A splash page is an interim page on a site that asks a visitor to perform an action, such as making a donation or signing up for an email list, before visiting the page they intended.  While splash pages can be annoying to users, they work.  Given their effectiveness, we end up building splash pages for clients quite frequently in the CMS we specialize in, Drupal.

For Drupal 6 development, there is a module called Splash that we like to use.  The Splash module allows you to designate whether to use a single splash page or rotate through a series of options, set how often users see the pages (daily, weekly, etc.) and to control whether the splash page is shown as a webpage or lightbox.

When Drupal 7 was released a little over a year ago, the Splash module was not upgraded.   This left us in a bit of a bind, as we have transitioned most of our work to Drupal 7 and there wasn’t a simple way to create and manage splash pages.  To rectify the problem, we modified Splash to work with Drupal 7 for internal use, and waited to see if the owners of the modules would release an official Drupal 7 version. 

After many months of waiting, we decided it would be best if we took the reigns ourselves and launched a new splash module for Drupal 7. Over a few months, we put together the code (re-wrote all of it), tested it on our end and made it through the extensive Drupal project approval project process. We named the module Splashify, and it is ready for folks to use.

Splashify not only has all the features the Drupal 6 Splash module has, but it sports a few additional goodies:

  • Mobile Support: Do you not want the splash page to come up on mobile devices? Or maybe you need a custom splash page to come up for mobile devices? In either case, Splashify gives you full control by giving you specific options for mobile devices.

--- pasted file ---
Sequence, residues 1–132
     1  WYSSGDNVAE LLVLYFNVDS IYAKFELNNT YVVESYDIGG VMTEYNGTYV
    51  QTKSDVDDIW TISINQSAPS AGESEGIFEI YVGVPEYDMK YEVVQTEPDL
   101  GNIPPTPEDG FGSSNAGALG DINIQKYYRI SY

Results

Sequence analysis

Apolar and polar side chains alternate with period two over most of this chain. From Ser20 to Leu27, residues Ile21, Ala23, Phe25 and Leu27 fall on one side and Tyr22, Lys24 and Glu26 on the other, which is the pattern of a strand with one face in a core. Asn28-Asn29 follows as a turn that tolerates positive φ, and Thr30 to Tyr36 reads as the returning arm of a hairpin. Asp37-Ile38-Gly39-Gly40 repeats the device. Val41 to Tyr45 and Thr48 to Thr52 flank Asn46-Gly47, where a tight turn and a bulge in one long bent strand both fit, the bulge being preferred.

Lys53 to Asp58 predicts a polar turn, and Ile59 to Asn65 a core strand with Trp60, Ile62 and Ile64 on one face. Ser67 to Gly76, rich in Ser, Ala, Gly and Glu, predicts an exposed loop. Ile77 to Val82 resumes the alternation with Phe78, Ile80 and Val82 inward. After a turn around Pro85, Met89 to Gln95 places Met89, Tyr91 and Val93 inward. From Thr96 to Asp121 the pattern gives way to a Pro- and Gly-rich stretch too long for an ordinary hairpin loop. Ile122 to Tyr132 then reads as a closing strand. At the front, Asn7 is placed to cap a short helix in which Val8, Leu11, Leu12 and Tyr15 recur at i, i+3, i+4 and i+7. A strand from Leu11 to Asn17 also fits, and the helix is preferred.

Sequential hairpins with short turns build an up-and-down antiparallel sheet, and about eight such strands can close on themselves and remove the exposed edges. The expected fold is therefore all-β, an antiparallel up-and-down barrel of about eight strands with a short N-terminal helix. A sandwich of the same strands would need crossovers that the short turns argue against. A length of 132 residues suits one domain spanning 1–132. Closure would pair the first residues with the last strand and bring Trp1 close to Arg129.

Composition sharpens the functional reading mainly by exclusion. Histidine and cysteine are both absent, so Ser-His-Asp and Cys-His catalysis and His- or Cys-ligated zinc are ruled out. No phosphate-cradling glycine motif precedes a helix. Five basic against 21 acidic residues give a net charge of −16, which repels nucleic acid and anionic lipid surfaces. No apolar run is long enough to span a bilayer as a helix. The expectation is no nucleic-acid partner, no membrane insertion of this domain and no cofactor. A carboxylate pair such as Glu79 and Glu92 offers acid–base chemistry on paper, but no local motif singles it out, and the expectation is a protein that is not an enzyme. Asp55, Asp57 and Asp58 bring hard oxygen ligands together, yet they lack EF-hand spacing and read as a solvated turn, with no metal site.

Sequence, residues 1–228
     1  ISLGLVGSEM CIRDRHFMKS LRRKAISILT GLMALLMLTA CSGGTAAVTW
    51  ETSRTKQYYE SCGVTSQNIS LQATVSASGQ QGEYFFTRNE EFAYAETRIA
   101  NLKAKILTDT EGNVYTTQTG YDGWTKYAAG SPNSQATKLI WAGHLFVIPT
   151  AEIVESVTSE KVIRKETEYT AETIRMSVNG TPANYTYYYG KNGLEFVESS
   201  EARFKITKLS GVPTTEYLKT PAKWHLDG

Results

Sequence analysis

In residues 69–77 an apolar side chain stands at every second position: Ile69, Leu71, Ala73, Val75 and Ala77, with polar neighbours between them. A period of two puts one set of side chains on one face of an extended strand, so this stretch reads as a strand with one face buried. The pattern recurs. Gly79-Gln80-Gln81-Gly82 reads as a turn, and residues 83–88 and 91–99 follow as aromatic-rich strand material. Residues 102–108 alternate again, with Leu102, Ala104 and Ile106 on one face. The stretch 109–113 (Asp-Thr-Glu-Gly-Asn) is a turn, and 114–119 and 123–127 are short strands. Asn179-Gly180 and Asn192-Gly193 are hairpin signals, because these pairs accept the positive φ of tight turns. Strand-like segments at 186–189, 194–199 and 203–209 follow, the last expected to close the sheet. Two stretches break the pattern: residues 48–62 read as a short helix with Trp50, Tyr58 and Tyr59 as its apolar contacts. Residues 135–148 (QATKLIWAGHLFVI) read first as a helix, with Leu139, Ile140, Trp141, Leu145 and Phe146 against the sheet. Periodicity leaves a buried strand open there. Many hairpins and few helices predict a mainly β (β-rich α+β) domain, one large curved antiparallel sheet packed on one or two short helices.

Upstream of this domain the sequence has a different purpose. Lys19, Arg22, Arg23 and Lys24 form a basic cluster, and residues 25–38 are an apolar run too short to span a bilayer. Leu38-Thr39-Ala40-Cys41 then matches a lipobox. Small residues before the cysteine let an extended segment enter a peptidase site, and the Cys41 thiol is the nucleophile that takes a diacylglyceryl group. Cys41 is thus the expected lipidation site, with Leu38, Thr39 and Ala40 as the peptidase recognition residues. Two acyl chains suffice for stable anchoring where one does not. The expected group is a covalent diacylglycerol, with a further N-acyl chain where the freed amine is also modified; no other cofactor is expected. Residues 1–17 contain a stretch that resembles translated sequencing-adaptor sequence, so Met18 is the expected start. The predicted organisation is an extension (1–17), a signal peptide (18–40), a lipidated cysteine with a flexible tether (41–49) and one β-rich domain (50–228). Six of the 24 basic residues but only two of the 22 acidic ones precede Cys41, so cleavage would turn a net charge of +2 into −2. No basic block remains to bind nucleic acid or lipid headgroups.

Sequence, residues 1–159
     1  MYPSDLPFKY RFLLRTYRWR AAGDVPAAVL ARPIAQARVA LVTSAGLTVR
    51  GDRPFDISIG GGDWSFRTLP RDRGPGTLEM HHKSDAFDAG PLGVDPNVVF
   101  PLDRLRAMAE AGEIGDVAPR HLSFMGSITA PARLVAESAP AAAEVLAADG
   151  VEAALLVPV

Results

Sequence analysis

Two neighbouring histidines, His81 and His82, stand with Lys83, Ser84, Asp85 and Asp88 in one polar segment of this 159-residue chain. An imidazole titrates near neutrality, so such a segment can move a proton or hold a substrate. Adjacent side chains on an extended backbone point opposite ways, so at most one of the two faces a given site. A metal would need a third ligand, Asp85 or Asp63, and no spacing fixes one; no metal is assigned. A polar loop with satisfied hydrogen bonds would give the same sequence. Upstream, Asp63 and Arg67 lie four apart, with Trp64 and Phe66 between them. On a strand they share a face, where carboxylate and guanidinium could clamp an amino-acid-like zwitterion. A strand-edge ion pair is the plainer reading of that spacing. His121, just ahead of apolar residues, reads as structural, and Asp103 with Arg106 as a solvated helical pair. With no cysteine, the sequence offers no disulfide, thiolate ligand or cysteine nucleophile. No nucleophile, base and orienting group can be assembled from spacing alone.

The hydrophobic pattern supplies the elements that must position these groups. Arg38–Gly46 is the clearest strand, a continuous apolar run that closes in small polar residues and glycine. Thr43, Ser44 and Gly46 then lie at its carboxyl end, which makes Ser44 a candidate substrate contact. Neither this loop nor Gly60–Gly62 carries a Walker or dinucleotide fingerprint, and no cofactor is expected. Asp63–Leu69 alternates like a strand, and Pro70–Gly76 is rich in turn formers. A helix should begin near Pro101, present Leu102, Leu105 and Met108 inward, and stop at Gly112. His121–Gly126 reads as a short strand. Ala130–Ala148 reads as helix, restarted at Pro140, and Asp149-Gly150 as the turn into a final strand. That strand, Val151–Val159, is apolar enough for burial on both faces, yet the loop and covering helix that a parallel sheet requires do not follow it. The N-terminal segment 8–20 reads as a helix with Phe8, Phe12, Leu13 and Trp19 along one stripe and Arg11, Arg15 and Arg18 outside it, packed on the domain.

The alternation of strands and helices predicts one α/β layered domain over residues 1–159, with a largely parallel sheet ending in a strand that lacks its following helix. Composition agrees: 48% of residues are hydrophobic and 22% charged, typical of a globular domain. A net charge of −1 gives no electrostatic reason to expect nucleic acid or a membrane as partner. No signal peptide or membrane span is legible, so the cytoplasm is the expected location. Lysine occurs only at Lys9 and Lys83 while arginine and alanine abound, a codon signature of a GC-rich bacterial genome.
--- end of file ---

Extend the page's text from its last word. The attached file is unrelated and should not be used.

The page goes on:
• Search Engine Friendly: We noticed that with the Drupal 6 Splash module, it often times would end up indexing the splash page as the home page for the site. This is obviously bad for SEO, as you don’t want your home page linked to your splash page in Google. We determined the best way of fixing the problem was to redirect to the splash page through JavaScript. This would make the original home page come up in the search engines, but still show the splash page to site visitors. Problem solved!
  • Customize When the Splash Page Comes Up: The splash page can be configured to show up on a specific page of the site (or pages), or on all pages of the site. For example, this allows the splash page to come up when someone clicks on a link to an interior page from the search engines, if you desire. This gives you full control where the splash page shows up on your website.
  • Colorbox: Splashify supports using the lightbox jQuery plugin “Colorbox”. We found this lightweight lightbox solution to work well across browsers and to be an effective option for displaying a splash page.

The module is still in development, which means we can use help testing the module and making sure all of the major bugs are ironed out. Let us know if there are any features you would like to see in Splashify!

About the Author
Chris Roane
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